The program was launched with staff of UC Davis Arboretum selecting garden-worthy California natives or other Mediterranean-climate adapted species that had performed well in the Arboretum’s hot, interior climate for several years. The plants – all natives and everything but annuals - were picked for various features:
These plants were grown and evaluated in irrigated fields in Davis for two years. After a year of regular irrigation to establish the plants, each species was given one of our levels of irrigation during the “irrigated growing season” (roughly May to October) of the second year to assess their performance during the dry season on different levels of water. The levels varied from every 12 days to only twice during the hottest months. Plant growth measurements were taken monthly, and the plants were rated in 5 categories: foliage appearance, flowering, pest resistance, disease resistance and overall vigor.
The program is now in its fifth year, and the third round of trials has begun. We have recently added a shade structure over a ¼-acre field, which allows us to evaluate plants for dry shade in addition to those for full sun.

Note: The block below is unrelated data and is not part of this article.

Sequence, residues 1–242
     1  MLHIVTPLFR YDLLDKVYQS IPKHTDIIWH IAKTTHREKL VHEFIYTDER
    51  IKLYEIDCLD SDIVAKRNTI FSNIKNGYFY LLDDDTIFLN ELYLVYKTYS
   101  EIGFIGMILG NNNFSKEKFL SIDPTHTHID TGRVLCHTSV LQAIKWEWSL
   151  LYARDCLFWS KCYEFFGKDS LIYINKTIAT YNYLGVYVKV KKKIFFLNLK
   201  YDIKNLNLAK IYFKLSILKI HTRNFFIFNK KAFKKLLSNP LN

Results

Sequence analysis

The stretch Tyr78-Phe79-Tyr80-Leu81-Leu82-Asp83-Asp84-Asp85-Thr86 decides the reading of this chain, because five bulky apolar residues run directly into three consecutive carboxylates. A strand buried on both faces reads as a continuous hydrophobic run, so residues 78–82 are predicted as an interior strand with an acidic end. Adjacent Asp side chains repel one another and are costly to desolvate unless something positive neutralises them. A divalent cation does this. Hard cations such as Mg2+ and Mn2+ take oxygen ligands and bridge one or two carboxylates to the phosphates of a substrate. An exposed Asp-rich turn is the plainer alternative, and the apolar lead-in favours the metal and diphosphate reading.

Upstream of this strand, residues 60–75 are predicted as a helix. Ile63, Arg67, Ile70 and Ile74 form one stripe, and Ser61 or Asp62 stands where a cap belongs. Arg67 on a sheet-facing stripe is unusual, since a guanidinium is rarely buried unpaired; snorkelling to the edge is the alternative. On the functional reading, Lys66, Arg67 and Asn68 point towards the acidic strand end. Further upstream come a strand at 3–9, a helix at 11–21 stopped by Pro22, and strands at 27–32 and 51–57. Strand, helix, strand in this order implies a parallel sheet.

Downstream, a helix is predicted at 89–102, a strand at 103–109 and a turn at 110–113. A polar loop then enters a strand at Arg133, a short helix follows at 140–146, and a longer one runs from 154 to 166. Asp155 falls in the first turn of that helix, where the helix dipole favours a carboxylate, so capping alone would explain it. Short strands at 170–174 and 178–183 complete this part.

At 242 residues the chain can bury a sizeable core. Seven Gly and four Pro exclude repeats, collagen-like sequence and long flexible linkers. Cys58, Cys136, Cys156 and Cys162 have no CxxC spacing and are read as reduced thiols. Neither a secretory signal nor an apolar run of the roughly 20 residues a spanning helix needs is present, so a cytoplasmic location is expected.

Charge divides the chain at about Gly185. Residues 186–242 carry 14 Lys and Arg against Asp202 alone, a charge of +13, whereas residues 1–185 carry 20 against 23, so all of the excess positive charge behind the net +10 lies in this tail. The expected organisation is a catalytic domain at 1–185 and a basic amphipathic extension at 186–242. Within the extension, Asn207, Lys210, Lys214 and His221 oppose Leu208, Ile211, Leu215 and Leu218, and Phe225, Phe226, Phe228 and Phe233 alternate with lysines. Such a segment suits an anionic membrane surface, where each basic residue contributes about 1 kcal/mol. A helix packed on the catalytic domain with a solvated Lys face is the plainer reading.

Zone Trials with Master Gardeners
This third aspect of the trials is where the Master Gardeners become invaluable. In order to assess the plants’ ability to do well in a variety of climate zones throughout the state, plants were placed in demonstration gardens tended by Master Gardeners in 13 counties that stretch from Redding to San Diego and Palo Alto to Mariposa.
These qualified volunteers make monthly observations, using the same rating system used in the irrigation trials at UC Davis, and take quarterly measurements to evaluate plant performance in their specific soil and weather conditions. They report their data and observations monthly on an online website.
In addition, their interaction with the public helps determine if the plants have broad appeal, even before they hit the market. Their final analysis is a big part of the decision to actually move new plants to market, or if the market will be restricted to certain areas.
In San Diego County, there were initially two test gardens; one in the Pt. Loma area of San Diego and one in Fallbrook at the homes of Master Gardeners. The first round of plants - all California natives - was put into demonstration gardens in the fall of 2006. They included Rosada coral bells (Heuchera rosada), blue grama grass (Bouteloua gracilis), San Diego sedge (Carex spissa), serpentine columbine (Aquilegia maxima), and a particularly floriferous Arboretum selection of California lilac (Ceanothus maritimus ‘Valley Violet’).